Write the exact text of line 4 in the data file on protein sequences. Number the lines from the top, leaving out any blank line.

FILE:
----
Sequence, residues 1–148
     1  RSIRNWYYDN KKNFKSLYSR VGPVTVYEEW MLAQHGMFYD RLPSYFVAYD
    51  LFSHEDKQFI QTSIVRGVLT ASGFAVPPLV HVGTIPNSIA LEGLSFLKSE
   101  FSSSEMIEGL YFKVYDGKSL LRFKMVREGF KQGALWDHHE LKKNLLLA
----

   101  FSSSEMIEGL YFKVYDGKSL LRFKMVREGF KQGALWDHHE LKKNLLLA